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J Infect Dis. 1990 Jul;162(1):96-102.

Correlation between in vivo and in vitro efficacy of antimicrobial agents against foreign body infections.

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Department of Internal Medicine, University Hospital, Basel, Switzerland.


Implant-associated infections are often resistant to antibiotic therapy. Routine sensitivity tests fail to predict therapeutic success. Therefore experimental in vitro tests were sought that would better correlate with drug efficacy in device-related infections. The activity of six different antibiotics against methicillin-resistant Staphylococcus epidermidis was investigated. In vivo studies were performed with the guinea pig tissue-cage animal model; in vitro studies with minimum inhibiting and bactericidal concentrations, time-kill studies of growing and stationary-phase microorganisms, the killing of glass-adherent S. epidermidis. Drug efficacy on stationary and adherent microorganisms, but not minimum inhibiting concentrations, predicted the outcome of device-related infections. Rifampin cured 12 of 12 infections and was also the most efficient drug in any experimental in vitro test. Similarly, the failure of ciprofloxacin to eradicate foreign body infections correlated with its low efficacy on stationary-phase and adherent S. epidermidis.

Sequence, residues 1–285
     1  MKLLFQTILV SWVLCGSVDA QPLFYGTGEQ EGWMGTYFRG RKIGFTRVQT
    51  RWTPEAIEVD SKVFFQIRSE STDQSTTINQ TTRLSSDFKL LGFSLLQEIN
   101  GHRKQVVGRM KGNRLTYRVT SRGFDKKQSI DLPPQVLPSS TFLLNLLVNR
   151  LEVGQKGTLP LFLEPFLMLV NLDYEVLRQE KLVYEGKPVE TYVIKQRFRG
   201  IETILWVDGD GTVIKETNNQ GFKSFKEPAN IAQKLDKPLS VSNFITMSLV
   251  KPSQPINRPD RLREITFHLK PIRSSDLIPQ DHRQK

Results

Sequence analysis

[Indexed for MEDLINE]

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